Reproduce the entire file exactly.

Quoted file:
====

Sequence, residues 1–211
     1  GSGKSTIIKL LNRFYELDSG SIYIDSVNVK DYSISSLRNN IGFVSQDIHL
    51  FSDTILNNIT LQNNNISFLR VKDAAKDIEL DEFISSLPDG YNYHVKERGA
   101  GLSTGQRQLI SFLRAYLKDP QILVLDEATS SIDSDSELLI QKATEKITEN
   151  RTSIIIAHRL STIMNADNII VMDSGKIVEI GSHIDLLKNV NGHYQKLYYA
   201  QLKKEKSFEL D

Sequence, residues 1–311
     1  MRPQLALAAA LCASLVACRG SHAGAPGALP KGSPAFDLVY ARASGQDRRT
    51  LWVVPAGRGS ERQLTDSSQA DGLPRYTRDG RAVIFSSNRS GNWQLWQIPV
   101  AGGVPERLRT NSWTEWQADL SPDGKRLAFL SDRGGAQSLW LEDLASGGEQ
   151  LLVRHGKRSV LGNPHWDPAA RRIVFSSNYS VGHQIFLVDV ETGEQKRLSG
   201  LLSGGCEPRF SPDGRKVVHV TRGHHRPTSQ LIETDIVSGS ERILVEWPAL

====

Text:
Sequence, residues 1–211
     1  GSGKSTIIKL LNRFYELDSG SIYIDSVNVK DYSISSLRNN IGFVSQDIHL
    51  FSDTILNNIT LQNNNISFLR VKDAAKDIEL DEFISSLPDG YNYHVKERGA
   101  GLSTGQRQLI SFLRAYLKDP QILVLDEATS SIDSDSELLI QKATEKITEN
   151  RTSIIIAHRL STIMNADNII VMDSGKIVEI GSHIDLLKNV NGHYQKLYYA
   201  QLKKEKSFEL D

Sequence, residues 1–311
     1  MRPQLALAAA LCASLVACRG SHAGAPGALP KGSPAFDLVY ARASGQDRRT
    51  LWVVPAGRGS ERQLTDSSQA DGLPRYTRDG RAVIFSSNRS GNWQLWQIPV
   101  AGGVPERLRT NSWTEWQADL SPDGKRLAFL SDRGGAQSLW LEDLASGGEQ
   151  LLVRHGKRSV LGNPHWDPAA RRIVFSSNYS VGHQIFLVDV ETGEQKRLSG
   201  LLSGGCEPRF SPDGRKVVHV TRGHHRPTSQ LIETDIVSGS ERILVEWPAL